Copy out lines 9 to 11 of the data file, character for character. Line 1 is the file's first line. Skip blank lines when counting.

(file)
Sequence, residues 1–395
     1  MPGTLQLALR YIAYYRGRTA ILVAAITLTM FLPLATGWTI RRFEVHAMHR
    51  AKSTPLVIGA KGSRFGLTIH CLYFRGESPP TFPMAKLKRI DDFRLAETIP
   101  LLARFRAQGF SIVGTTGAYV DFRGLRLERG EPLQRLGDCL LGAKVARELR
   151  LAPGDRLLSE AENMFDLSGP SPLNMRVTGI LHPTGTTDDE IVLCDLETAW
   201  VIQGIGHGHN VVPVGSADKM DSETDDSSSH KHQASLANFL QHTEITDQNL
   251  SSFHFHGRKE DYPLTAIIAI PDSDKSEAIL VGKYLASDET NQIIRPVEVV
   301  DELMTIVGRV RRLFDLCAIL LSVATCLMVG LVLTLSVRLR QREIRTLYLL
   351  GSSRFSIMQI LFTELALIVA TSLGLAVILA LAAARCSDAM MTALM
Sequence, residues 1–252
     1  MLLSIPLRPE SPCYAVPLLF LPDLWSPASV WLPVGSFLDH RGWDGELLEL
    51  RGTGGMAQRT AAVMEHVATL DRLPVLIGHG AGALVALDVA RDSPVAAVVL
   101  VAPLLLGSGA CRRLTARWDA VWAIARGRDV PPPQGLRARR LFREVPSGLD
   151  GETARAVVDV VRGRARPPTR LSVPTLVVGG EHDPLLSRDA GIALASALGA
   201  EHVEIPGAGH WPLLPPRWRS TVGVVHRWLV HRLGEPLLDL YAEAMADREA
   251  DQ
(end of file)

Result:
   351  GSSRFSIMQI LFTELALIVA TSLGLAVILA LAAARCSDAM MTALM
Sequence, residues 1–252
     1  MLLSIPLRPE SPCYAVPLLF LPDLWSPASV WLPVGSFLDH RGWDGELLEL